Nine Inch Nails, Hesitation Marks (Sept. 3)
Trent Reznor emerges from NIN retirement with an Oscar (for scoring 2010’s The Social Network) and a newly energized — but still gratifyingly grown-up goth — album and tour.
The 1975, The 1975 (Sept. 3)
The boys’ grunge-chic look makes you think they should be called the 1991, but it’s the songs that distill three decades of angular radio anthems into one immensely hooky debut.
Avicii, True (Sept. 3)
The Swedish club king goes loco with guests like Nile Rodgers and country singer Mac Davis. So far, so huge: The strummy ”Wake Me Up” is an international smash.
Janelle Monáe, The Electric Lady (Sept. 10)
Friends like Prince, Miguel, and Erykah Badu help the eccentric songstress scale up on her second album.
2 Chainz, B.O.A.T.S. II: Me Time (Sept. 10)
The latest from Atlanta’s best-accessorized rapper/Instagram food-porn enthusiast will include a recipe for each track, so come hungry.
Keith Urban, Fuse (Sept. 10)
The Idol judge citifies his sound, enlisting producers like Butch Walker (Pink) and Nathan Chapman (Taylor Swift), and even adding some electronic touches.
The Weeknd, Kiss Land (Sept. 10)
Drake pal Abel Tesfaye gets spooky, working scary-movie sounds into his acclaimed R&B atmospherics.
Drake, Nothing Was the Same (Sept. 17)
Not even NAFTA can compel the Toronto native to share the details of his third studio album. Drizzy has been as tight-lipped as ever about his work, though he did reveal that Whitney Houston and Curtis Mayfield are both sampled on the record, and has confessed, ”It’s my story…I’m trying to get back to that kid in the basement.” Started from the bottom, indeed.
Kings of Leon, Mechanical Bull (Sept. 24)
It’s not as long as it used to be, but the Tennessee band of brothers (and cousins) let their hair down again on their sixth effort.
Icona Pop, This Is... (Sept. 24)
Are there more car-crash-worthy anthems like ”I Love It” on their full-length debut? Only these ’90s bitches know for sure.
Chvrches, The Bones of What You Believe (Sept. 24)
The Scottish trio have already won over indie blogs — if not the vowel police — with their airy synth-pop hit ”Recover.”
Justin Timberlake, The 20/20 Experience — 2 of 2 (Sept. 30)
Forget the night, dude’s taking back the year: The musical offensive that JT launched back in the spring will continue when he drops the second half of the 20/20 package. Other than the retro, Michael Jackson-sweatin’ lead single, Part 2 promises outtakes from the first installment, new stuff from more recent sessions, and a ”special surprise.” Here’s hoping it’s an *NSYNC reunion track!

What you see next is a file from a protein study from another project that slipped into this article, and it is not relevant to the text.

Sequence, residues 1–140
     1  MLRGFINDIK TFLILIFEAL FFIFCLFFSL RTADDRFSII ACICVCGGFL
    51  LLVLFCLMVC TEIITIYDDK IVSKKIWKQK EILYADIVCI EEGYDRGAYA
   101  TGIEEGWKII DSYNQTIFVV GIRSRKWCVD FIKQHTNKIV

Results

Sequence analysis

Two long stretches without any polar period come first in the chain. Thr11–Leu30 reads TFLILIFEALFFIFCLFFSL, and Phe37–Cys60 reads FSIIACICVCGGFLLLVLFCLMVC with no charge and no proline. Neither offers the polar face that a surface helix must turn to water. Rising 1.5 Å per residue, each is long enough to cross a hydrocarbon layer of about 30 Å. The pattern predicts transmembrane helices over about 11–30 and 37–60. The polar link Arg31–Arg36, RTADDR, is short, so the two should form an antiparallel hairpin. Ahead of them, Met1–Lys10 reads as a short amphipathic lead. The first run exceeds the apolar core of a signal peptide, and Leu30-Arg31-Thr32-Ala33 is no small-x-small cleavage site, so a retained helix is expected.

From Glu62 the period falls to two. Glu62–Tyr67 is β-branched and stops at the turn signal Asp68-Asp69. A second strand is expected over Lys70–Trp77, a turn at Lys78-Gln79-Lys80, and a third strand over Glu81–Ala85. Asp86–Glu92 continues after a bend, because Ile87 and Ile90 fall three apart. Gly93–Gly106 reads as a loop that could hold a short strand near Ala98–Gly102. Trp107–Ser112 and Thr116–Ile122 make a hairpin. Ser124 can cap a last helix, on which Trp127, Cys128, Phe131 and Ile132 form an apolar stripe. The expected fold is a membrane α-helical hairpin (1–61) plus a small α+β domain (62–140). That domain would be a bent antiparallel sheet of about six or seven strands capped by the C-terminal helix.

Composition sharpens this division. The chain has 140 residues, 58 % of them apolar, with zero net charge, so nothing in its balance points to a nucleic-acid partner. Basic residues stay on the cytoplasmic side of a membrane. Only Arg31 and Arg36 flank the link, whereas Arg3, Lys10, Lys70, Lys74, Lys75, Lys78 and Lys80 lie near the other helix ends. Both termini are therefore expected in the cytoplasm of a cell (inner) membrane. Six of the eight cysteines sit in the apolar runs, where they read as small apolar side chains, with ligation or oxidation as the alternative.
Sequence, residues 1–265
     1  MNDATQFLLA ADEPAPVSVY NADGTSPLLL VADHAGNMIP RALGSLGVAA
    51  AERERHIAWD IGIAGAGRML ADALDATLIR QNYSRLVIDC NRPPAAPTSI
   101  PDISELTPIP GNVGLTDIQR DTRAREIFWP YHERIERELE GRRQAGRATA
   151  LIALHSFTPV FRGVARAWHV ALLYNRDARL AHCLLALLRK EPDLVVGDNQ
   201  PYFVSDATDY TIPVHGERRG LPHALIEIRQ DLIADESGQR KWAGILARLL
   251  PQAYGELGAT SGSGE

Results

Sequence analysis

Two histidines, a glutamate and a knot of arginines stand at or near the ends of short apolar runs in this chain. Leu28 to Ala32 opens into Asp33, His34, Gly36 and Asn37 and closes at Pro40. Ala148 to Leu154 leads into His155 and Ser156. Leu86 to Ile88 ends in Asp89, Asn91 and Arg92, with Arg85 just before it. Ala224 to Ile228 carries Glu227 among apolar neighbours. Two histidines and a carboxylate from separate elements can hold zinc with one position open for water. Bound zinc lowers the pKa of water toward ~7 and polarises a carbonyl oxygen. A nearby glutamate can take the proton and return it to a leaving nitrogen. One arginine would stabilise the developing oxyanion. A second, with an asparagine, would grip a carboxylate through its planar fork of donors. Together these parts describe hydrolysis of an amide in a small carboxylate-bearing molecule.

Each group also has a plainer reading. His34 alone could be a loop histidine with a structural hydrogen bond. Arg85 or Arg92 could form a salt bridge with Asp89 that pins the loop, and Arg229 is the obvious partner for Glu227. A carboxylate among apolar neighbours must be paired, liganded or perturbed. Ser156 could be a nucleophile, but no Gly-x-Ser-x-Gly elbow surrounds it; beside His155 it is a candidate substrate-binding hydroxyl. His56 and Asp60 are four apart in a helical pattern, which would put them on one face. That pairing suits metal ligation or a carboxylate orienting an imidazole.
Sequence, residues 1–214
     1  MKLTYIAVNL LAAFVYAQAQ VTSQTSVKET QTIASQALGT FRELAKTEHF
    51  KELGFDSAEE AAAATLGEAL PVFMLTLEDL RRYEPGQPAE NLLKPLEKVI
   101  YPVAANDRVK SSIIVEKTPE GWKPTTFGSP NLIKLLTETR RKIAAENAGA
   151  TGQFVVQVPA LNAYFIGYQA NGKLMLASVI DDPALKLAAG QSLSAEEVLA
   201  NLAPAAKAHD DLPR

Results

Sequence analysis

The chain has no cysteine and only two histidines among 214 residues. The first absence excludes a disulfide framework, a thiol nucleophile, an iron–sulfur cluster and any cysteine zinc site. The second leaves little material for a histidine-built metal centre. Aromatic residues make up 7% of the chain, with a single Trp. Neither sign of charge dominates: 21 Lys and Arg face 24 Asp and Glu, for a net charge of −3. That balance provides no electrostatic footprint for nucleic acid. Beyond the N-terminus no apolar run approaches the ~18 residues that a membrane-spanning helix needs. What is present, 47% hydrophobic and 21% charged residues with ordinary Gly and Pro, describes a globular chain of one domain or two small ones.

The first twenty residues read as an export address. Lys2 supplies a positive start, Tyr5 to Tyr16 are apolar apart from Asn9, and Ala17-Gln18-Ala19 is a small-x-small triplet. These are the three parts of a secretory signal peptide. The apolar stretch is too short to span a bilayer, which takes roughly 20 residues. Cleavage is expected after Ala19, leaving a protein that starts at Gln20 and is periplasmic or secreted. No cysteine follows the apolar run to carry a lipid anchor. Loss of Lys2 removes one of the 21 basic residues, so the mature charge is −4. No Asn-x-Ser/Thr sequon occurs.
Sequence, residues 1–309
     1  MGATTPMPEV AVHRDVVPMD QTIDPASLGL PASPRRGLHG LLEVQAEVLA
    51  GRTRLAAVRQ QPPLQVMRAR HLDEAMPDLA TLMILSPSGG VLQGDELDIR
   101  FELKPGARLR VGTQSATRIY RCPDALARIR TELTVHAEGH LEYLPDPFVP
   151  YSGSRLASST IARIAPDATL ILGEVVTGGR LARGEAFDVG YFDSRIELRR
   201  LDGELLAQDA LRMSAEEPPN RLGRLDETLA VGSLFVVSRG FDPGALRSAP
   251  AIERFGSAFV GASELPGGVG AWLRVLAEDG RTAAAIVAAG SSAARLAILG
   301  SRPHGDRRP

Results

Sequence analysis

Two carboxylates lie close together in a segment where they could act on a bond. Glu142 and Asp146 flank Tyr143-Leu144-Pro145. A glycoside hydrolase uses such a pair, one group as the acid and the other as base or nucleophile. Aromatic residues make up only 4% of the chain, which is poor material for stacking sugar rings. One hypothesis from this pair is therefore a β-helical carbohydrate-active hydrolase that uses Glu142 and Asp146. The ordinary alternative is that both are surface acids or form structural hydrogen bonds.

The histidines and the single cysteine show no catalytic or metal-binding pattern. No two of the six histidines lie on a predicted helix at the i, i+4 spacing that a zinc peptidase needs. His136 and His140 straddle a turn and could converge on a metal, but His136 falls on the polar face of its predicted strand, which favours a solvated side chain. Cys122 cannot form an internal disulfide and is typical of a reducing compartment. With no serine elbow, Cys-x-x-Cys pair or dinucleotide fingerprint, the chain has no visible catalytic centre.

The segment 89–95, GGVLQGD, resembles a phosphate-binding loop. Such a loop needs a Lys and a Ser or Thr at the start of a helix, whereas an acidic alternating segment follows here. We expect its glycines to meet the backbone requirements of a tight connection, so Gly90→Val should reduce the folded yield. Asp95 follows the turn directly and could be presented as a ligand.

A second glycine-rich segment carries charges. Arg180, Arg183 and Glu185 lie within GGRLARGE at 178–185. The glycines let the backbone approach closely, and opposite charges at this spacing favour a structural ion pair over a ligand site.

Haim, Days Are Gone (Sept. 30)
Three L.A. siblings blend breezy Laurel Canyon rock with radio-pop production and a Roc Nation bankroll. Pencil them in to headline Coachella 2015.
Miley Cyrus, Bangerz (Oct. 8)
”We Can’t Stop” is a smash, so we can’t stop thinking there’s more where that came from, especially with Pharrell’s production help.
Pearl Jam, Lightning Bolt (Oct. 15)
The flannel gods deliver punk-surf agitation on their 10th studio album. It’s not all raging against the machine, though; look for some epic ballads that recall their Vs.-era heyday.
The Avett Brothers, Magpie and the Dandelion (Oct. 15)
Homier than Mumford, less suspendered than the Lumineers, these North Carolina boys bring more pretty, twangy folk on their eighth studio release.
Katy Perry, Prism (Oct. 22)
The California Gurl reteams with high-gloss hitmakers Max Martin and Dr. Luke, and also brings the edgier Diplo into the fold. New Katy? No problem!
Arcade Fire, Reflektor (Oct. 29)
The Canadian art-rockers’ last record won them the Album of the Year Grammy. Now they’re back, with LCD Soundsystem mastermind James Murphy handling partial production duties.
Eminem, MMLP2 (Nov. 5)
Slim Shady returns for his eighth album, featuring Dr. Dre, Kanye West mentor No I.D., and a whole lot more of his trademark underdog bluster.
M.I.A., Matangi (Nov. 5)
You don’t have to agree with her politics to love multiculti block-rockers like ”Bad Girls” — she might even like it better that way.
Lady Gaga, ARTPOP (Nov. 11)
It’s easy to forget that the multi-platform media queen’s main gig is, you know, music. But she promises that her fourth effort is ”a true glam electronic album.” In other words, it won’t be boring.
Future, Honest (Nov. 26)
This Atlanta rapper’s ultra-mellow flow has saturated the charts via hits by the likes of Lil Wayne, but his latest proves that he’s earned a spot at center stage.